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Introduction to Java Programming: Fundamental Data Structures and Algorithms

Learn to enhance your code by using fundamental data structures and powerful algorithms in Java.

There is one session available:

37,269 already enrolled! After a course session ends, it will be archived.
Starts Nov 23
Estimated 5 weeks
5–7 hours per week
Self-paced
Progress at your own speed
Free
Optional upgrade available

About this course

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In this introductory course, you will learn programming with Java in an easy and interactive way.

You will learn about fundamental data structures, such as lists, stacks, queues and trees, and presents algorithms for inserting, deleting, searching and sorting information on these data structures in an efficient way.

Emphasis is put on immediate feedback and on having a fun experience. Programming knowledge is not only useful to be able to program today’s devices such as computers and smartphones. It also opens the door to computational thinking, i.e. the application of computing techniques to every-day processes.

This course is designed taking into account the subset and recommendations of the College Board in order to prepare learners for the Advanced Placement (AP) Computer Science A exam.

At a glance

What you'll learn

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  • Arrange data on arrays and linked lists using primitive data types and classes.
  • Develop and use linear data structures, such as stacks and queues, implemented with linked lists or arrays.
  • Develop and use non-linear data structures, such as trees, including binary search trees and heaps, implemented with linked lists or arrays.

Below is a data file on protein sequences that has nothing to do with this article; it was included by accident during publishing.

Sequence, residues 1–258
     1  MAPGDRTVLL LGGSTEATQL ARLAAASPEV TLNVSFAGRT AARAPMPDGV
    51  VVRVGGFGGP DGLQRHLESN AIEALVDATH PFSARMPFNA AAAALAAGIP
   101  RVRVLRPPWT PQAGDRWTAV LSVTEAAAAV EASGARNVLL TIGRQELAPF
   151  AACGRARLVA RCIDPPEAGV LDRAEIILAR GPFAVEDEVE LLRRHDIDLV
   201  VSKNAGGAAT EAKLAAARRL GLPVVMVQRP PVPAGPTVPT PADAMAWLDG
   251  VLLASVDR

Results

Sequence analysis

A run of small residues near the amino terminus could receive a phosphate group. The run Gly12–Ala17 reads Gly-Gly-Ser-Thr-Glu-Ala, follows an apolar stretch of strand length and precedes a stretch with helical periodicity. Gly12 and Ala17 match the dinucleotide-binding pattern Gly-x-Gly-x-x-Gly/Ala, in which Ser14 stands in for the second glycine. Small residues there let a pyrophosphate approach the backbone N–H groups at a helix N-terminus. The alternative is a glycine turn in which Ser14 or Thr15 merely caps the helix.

• Implement algorithms for the efficient searching and sorting of data.

1. Lists
The first week starts with the most fundamental data structure: Lists. Several implementations for storing information in Lists are presented in this week, including the use of Arrays of primitive data types, the use of Arrays of objects of the same class, and the use of links (Linked Lists).

2. Stacks
The second week addresses Stacks, which are one well-known linear data structure. Stacks are also called LIFO data structures (last-in, first-out). Algorithms for inserting and extracting information from Stacks will be discussed this week, as well as implementations of Stacks with Linked Lists.

3. Queues
The third week addresses another well-known linear data structure: Queues. Queues are also called FIFO data structures (first-in, first-out). Algorithms for inserting and extracting information from Queues will be discussed this week, as well as implementations of Queues with Linked Lists.

4. Trees
The fourth week introduces non-linear data structures, and particularly Trees. Binary Search Trees and Heaps are presented as two well-known examples of Trees. Algorithms for inserting and extracting information from Binary Search Trees and Heaps will be discussed this week. Implementations based on Linked Lists for Trees and Heaps will be analyzed.

5. Searching and Sorting
The last week presents some basic algorithms for searching and sorting information in linear and non-linear data structures. The efficiency of these algorithms is discussed, proposing alternatives for their improvement.

About the instructors

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